You could also look at it from another perspective - you have a bunch of colonists who fled their home countries mostly due to economic hardship or criminal persectuion. They arrive in the new world, stealing land from the native population and screwing them over in the typical colonial style of the 18th century. Then they get greedy and decide not to pay taxes to the governments that made the huge initial investment required to explore and colonize those coasts in the first place. Due to logistical problems in resupplying colonial armies, existing conflicts among European powers and quite a bit of luck the rebels win and promptly give their military leadership leading positions in the new government. They start up a big propaganda machine based on radical ideas originating in feudal France but decide to hold on to slavery when the European monarchies drop it because they are mostly motivated by greed. They then continue to be opportunits, using every chance to take over land from natives or European powers, including those that helped them against the Britons.

I wouldn't say that is a fair characterization either, but the truth is probably somewhere in the middle.




Andron Taps Forum Mod

Faktrl is Best Pony

261,593 XP

10th September 2007

4 Uploads

21,746 Posts

1,754 Threads

#5 2 years ago

I would love to have had you guys tag along to hear the tours :p

LindalePrivileges are something that is earned, and they are easily taken away. All you need is one politician reforming something, or making a new law, and that privilege goes away.

Yeah, I meant to clarify that I don't really believe they're rights as such but what the government is tasked to protect from other people.  But really that's the rub isn't it?  Because then the government also once said you couldn't marry someone of the same sex or you'd risk imprisonment, so not so much star-spangled awesome as we were taught :)


"I'd shush her zephyr." ~ Zephyr.



Nemmerle Forum Mod

Voice of joy and sunshine

298,365 XP

26th May 2003

0 Uploads

28,147 Posts

5 Threads

#6 2 years ago
Adrian Ţepeş I've been here for almost a week now and have been soaking up all the re-enactment info and even after my 20th time of visiting the place, I can't help but wonder what you Brits and Europeans think of it all. On the one hand, you can say yeah you should have the freedoms outlined by the constitution of the United States, freedom of religion or not, freedom to redress of grievances, freedom of speech, and etc. But you can't help but wonder with everything that's happened how necessary it all was, and given enough time would the same end have come about without a rebellion.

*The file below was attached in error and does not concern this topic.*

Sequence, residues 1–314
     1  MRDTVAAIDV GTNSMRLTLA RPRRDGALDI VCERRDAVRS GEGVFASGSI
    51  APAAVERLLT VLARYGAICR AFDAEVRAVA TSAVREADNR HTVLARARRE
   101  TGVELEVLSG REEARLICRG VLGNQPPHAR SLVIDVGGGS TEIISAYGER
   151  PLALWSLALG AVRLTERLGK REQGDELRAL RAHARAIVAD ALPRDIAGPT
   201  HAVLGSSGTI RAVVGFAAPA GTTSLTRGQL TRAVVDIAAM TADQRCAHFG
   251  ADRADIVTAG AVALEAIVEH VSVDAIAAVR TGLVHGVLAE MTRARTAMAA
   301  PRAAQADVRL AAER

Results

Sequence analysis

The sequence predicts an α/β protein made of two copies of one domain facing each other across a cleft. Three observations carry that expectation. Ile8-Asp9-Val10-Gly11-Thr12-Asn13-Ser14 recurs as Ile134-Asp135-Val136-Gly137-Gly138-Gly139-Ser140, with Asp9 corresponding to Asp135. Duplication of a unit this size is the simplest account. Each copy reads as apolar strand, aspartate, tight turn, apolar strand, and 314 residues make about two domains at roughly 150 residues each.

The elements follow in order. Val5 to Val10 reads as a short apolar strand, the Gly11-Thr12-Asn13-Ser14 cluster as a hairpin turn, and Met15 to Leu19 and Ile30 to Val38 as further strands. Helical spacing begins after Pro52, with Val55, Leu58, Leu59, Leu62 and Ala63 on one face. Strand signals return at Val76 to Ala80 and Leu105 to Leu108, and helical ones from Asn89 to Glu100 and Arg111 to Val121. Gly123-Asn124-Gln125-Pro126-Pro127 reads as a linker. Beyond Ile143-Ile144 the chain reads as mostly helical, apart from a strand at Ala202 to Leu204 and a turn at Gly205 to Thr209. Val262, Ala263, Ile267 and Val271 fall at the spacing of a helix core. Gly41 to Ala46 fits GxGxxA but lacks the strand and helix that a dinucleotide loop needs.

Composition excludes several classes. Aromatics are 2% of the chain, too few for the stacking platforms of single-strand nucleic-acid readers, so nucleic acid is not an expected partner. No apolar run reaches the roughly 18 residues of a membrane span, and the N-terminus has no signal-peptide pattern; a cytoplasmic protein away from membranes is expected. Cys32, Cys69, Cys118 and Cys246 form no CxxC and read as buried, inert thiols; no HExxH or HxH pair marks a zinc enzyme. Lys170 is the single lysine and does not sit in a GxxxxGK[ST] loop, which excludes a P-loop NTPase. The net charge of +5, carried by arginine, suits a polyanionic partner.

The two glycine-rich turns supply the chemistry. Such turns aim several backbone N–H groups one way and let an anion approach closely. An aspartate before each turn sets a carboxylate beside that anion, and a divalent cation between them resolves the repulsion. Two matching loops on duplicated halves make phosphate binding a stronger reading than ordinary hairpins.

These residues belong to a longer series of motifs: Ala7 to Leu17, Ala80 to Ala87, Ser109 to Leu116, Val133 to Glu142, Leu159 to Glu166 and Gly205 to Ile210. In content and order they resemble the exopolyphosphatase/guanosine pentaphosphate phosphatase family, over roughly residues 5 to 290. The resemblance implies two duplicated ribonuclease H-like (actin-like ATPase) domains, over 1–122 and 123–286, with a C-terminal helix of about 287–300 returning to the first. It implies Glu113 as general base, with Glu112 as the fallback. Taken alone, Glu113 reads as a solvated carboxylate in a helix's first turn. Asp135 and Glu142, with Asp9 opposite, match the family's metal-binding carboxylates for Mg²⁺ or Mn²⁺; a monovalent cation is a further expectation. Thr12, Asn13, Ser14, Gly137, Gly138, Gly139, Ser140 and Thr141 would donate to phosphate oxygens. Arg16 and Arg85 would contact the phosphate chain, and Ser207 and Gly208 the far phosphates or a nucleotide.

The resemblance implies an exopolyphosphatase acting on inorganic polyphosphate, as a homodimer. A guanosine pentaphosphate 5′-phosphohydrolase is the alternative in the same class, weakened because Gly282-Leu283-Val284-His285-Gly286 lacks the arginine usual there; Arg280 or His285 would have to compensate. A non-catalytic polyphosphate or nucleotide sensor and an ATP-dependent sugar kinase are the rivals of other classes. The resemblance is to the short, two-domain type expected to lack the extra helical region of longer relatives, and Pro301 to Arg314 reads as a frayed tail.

The same end? Fuck, I hope not.

Freedom of religion only seems to come up when you want to deny basic decency to others, America's slaves were liberated later than ours, redress of grievance existed long before you ever went over the seas (reasonable redress for grievance arguably we still both don't have), and freedom of speech zones make me somewhat sceptical of the more general claim. (I was under the impression that there was meant to be one freedom of speech zone in America, that defined by its territorial boundaries, but maybe I'm old fashioned....)

About the only claim to greater freedom you can reasonably make is that you're probably one of the freer developed nations with ready access to firearms. But then again there are all those murders...

1UqFAea.pngSo... eeeee. You can say what you like about guns, but that's still a lot of murders. I'm not sure people who murder so many people should be trusted with guns. Or, you know - sharply pointed instruments. Box-cutters. Pencils. Things like that. ;)

And that's before we start talking about certain three letter agencies that seem to be entirely beyond reasonable oversight. Or the massive miscarriages of justice that are regularly visited upon your citizens. Or the lack of any decent health service - I mean you can say you care about your fellows all you like but I notice you're not too keen to keep them alive, or even vaguely sane and healthy.

But hey, we got rid of the more extreme religious nutcases. So... kinda like the old 'have you ever leant someone a small sum of money and never seen them again?' Probably worth it.

-shrug-

I poke fun at you, in case there was a doubt.

At its inception America itself embodied, in ideology if not in fact, many noble ideals. They say that things get destroyed and recreated far more readily than they change, and in some ways the early American system was that applied to European ideas about government at the time. But it hasn't stood the test of time well.

Americans are okay, I like many of the people. America the nation I don't much care for at the moment.